Vlog: Bill C-11 Explained (Section 4 and User Generated Content)

In this fifth instalment of the vlog, I go over the text of the legislation and explain how Section 4 impacts user generated content.

Welcome to the 5th instalment of my vlog. Today, I wanted to offer as clear and concise of an explanation I could come up with with respect to Bill C-11. specifically, I am going straight into the heart of the problem and explaining Section 4 of the bill which is where a huge number of problems live.

To check this video out, you can view it directly on YouTube or in the embed below:

One thing I have noticed is that others basically offer ideas of what the legislation does, something I have no problem with. However, I wanted to get my hands dirty and go straight into the actual text of the bill and explain precisely where some of these fears come from and the ultimate source of a lot of anxiety.

I should point out that this isn’t where all of the problems come from, but fewer sections contain more problems than this section which is why I chose it.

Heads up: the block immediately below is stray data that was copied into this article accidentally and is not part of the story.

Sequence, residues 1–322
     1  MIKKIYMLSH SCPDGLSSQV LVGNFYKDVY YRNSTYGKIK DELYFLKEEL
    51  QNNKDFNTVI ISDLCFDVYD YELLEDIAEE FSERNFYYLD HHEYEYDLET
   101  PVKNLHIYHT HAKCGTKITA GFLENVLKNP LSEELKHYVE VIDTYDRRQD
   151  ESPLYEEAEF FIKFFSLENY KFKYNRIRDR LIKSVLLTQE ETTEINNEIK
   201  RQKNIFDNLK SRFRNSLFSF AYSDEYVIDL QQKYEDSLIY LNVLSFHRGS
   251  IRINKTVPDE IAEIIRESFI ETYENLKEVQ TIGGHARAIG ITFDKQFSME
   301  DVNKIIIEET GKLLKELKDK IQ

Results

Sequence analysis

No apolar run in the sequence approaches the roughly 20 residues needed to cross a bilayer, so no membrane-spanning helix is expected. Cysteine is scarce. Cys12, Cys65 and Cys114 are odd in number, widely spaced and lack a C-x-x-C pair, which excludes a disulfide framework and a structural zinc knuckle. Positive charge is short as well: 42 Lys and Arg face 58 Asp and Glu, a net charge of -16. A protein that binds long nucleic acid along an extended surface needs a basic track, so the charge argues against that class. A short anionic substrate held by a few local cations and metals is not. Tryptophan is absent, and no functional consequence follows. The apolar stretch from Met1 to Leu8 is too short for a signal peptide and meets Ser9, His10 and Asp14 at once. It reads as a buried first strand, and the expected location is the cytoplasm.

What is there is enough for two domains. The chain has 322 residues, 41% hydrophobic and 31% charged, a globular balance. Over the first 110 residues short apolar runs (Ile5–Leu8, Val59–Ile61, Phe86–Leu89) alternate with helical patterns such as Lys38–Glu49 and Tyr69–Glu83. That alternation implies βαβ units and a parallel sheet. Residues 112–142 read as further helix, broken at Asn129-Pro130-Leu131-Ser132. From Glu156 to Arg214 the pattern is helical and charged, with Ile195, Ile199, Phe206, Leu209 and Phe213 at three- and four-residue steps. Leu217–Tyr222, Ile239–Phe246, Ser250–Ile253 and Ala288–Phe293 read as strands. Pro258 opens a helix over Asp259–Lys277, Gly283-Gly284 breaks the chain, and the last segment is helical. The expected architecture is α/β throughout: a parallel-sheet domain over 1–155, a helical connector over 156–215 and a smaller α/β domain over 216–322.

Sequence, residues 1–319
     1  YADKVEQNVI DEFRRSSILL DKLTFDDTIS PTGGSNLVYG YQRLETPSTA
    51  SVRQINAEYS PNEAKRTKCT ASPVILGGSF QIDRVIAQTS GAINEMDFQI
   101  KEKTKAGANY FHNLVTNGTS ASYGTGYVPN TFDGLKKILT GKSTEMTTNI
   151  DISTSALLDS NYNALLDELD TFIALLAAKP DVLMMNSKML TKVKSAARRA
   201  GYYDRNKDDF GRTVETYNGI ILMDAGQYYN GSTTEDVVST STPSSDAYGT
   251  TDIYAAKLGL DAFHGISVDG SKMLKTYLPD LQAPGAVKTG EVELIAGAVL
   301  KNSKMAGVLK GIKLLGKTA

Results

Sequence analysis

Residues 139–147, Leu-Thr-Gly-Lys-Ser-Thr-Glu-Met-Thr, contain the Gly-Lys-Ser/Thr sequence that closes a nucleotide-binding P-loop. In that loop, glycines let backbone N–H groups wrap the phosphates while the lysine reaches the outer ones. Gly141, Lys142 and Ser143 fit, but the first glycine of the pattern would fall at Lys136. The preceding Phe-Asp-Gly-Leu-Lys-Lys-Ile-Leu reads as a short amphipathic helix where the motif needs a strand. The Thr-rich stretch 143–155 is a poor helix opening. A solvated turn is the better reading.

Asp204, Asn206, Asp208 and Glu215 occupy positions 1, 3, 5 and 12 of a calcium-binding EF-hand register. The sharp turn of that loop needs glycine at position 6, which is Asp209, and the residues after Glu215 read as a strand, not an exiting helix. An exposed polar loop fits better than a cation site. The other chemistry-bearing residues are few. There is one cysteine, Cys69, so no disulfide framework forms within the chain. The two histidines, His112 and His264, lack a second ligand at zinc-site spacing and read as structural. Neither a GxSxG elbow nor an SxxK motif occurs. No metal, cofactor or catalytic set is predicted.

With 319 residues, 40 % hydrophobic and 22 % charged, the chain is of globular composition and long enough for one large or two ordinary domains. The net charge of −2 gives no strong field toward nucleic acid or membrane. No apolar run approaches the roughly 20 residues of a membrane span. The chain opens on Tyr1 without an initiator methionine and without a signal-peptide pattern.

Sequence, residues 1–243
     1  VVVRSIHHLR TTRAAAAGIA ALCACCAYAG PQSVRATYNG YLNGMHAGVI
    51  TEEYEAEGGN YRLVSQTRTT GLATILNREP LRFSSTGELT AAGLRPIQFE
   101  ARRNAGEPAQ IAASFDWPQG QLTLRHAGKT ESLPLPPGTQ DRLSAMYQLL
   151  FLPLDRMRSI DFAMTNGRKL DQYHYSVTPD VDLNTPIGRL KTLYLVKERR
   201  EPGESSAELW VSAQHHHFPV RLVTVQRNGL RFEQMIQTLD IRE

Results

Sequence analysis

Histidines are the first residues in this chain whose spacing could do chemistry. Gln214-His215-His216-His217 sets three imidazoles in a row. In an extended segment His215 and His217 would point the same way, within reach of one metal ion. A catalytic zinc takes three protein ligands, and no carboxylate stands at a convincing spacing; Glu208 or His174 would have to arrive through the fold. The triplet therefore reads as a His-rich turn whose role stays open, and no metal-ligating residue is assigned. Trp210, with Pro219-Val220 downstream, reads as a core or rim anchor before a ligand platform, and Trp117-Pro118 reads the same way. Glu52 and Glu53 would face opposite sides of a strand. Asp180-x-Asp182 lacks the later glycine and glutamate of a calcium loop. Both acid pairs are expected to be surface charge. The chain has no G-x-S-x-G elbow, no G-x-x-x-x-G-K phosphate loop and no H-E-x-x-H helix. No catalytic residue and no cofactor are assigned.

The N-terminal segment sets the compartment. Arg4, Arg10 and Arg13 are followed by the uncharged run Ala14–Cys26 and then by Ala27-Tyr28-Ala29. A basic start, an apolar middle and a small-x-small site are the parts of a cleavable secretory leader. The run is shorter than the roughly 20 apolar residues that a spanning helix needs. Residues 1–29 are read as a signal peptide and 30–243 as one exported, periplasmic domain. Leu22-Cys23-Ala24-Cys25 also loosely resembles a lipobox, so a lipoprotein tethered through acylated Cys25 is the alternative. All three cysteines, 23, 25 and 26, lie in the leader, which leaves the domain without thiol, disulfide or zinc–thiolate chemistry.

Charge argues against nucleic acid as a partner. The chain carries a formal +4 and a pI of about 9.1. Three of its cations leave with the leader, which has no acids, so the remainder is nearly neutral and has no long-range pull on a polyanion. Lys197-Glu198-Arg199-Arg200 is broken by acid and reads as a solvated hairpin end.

Now, as mentioned in the video, I have a much more thorough teardown of the legislation. While there were minor changes since, a vast majority of the analysis still applies. You can read it here (yes, dated clear back to February) link

Another aspect of this video is to apply how things work in practice when it comes to user generated content and how it interacts with the service and why this section applies so very thoroughly to that content.

For those wondering about my references to Vivek Krishnamurthy, you can read my summary of what was said during that hearing here: link (the link also links directly to the video in question if you want to hear him talking about it)

I hope that this clears up a lot of questions surrounding this Section and why the legislation does, in fact, apply to user generated content. I also hope I was able to break the legalese down sufficiently to be reasonably understandable.

Disclaimer: The above video only reflects the personal opinion of myself. It does not constitute legal advice of any kind. So, please, for the love of all things good, do not sue me over something as minor as a single YouTube video. It’s ridiculous I even have to put these disclaimers up in the first place, but I guess that’s the ridiculous world we live in today. Thank you.

Drew Wilson on Twitter: @icecube85 and Facebook.

Leave a Reply

This site uses Akismet to reduce spam. Learn how your comment data is processed.

%d bloggers like this: